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Abstract: SA-PO212

Obesity and Renal Outcome in Patients with Renal Cell Carcinoma

Session Information

  • Onco-Nephrology: Clinical
    November 09, 2019 | Location: Exhibit Hall, Walter E. Washington Convention Center
    Abstract Time: 10:00 AM - 12:00 PM

Category: Onco-Nephrology

  • 1500 Onco-Nephrology

Authors

  • Oh, Sewon, Korea University Anam Hospital, Korea University College of Medicine, Seoul, Korea (the Republic of)
  • Lee, Kyungmi, Korea University Anam Hospital, Korea University College of Medicine, Seoul, Korea (the Republic of)
  • Lim, Kijoon, Korea University Anam Hospital, Korea University College of Medicine, Seoul, Korea (the Republic of)
  • Yang, Jihyun, Korea university medical college, Seoul, South Africa
  • Kim, Myung-Gyu, Korea University Anam Hospital, Korea University College of Medicine, Seoul, Korea (the Republic of)
  • Jo, Sang-Kyung, Korea University Hospital, Seoul, Korea (the Republic of)
Background

Epidemiologic studies has been shown obesity is associated with renal cell carcinoma (RCC). Obesity causes dysregulation of adipokines, activation of inflammatory cytokines, angiogenesis, and may lead to development RCC and renal injury. We evaluate the relationship of obesity with the risk of RCC and renal outcomes in urologic cancers. In addition, we evaluate the effect of inflammation on the risk of RCC.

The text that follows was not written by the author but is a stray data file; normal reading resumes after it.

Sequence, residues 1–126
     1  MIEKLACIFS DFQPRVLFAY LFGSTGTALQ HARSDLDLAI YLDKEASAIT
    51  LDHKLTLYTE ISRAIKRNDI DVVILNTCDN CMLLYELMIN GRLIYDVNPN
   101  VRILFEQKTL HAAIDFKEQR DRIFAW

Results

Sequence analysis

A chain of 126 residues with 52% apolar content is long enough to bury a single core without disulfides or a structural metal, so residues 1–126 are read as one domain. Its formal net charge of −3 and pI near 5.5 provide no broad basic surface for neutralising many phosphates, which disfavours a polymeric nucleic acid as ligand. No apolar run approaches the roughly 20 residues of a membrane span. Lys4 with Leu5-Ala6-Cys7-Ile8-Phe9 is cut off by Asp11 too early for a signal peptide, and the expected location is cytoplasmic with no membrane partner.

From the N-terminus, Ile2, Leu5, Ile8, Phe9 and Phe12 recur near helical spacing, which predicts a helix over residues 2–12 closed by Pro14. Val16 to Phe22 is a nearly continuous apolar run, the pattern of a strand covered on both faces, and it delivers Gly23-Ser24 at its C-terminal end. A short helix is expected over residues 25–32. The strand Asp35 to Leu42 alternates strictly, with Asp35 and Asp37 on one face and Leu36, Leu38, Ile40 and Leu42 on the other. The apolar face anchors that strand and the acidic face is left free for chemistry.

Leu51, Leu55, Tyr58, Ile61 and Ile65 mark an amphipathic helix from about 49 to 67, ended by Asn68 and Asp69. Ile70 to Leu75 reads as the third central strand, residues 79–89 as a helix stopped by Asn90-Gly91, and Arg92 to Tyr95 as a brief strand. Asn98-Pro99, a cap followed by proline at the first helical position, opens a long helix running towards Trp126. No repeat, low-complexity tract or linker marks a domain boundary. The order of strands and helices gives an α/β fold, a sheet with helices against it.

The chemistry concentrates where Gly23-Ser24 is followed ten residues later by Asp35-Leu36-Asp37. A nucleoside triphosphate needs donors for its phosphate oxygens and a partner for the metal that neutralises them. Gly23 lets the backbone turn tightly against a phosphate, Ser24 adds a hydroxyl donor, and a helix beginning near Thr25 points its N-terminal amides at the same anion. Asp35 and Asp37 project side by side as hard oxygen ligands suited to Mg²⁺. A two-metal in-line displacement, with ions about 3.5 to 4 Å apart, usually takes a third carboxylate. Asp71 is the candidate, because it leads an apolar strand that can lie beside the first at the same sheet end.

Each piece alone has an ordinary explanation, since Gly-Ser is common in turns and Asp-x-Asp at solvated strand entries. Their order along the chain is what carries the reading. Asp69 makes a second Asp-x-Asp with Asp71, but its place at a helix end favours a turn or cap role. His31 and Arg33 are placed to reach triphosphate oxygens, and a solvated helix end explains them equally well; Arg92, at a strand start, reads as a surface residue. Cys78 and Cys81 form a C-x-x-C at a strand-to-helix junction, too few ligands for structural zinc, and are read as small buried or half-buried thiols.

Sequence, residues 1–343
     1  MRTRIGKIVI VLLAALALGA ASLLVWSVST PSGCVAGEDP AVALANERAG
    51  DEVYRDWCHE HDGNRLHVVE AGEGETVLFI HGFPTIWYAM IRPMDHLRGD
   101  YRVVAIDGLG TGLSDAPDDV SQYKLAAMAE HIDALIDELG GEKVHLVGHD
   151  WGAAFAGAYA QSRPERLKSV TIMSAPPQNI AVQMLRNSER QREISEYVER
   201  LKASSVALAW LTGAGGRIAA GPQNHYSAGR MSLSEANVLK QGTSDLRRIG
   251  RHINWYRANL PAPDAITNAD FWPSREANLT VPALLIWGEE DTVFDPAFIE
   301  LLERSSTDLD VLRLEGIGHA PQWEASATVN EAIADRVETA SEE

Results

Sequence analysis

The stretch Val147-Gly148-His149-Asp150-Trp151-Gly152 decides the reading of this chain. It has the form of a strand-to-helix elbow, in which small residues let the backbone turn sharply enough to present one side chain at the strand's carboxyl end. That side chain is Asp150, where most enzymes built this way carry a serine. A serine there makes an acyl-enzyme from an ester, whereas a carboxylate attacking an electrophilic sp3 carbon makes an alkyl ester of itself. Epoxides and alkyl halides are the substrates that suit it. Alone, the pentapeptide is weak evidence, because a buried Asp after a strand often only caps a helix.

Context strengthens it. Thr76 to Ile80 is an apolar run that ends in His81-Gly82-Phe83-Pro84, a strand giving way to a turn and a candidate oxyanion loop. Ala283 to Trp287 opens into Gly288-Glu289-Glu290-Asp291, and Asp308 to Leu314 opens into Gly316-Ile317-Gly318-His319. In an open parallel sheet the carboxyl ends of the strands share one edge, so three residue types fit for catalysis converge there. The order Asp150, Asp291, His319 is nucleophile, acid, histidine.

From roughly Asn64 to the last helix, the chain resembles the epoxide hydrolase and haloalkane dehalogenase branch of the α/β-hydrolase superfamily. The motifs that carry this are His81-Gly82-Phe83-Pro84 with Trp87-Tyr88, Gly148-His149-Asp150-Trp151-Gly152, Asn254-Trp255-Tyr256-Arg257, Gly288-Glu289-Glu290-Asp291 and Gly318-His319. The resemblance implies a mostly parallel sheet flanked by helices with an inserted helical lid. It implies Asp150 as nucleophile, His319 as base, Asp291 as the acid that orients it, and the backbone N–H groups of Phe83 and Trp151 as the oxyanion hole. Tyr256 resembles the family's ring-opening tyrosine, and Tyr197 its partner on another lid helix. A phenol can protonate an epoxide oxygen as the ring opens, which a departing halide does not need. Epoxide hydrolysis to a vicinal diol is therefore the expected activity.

Methods

A total of 6,218 patients were enrolled in patients diagnosed with urological cancer at two University Hospital from 2001 to 2019. Obesity was defined as body mass index (BMI) ≥ 30 kg/m2.

Results

The mean age of the patients was 65.5± 12.0 years and 87.3% was male. Out of 6,218 patients, 1011 were diagnosed with RCC, 2002 with urothelial cancer, 136 with genital cancers and 2979 with prostate cancers. RCC was significantly related to younger age, diabetes, higher BMI, CRP and monocyte count. RCC showed 1.584-fold increased risk of obesity than prostate cancer (95% CI, 1.097-2.288). Compared than non-obese patients, obesity was associated with risk of RCC in urologic cancers (RR, 1.901, 95% CI, 1.326-2.724). Serum monocyte count is a stronger risk factor for the risk of RCC (RR, 3.461; 95% CI, 1.079-11.095) in obese patients than non-obese patients (2.714, 95% CI, 1.648-2.867). Obese patients showed higher incidence of 30% and 40% eGFR decline in urologic cancers during 7.7±1.2 years of mean follow up (P<0.05). Obesity was related to increased risk of 40% eGFR decline in urologic cancers by multivariate analysis (1.596, 95% CI, 1.074-2.371).

Conclusion

Obesity was significantly associated with the prevalence of RCC than other urologic cancers. Serum monocyte count is a stronger risk factor for the RCC in obese patients. Obese patients had significant worse renal outcomes in urologic cancers.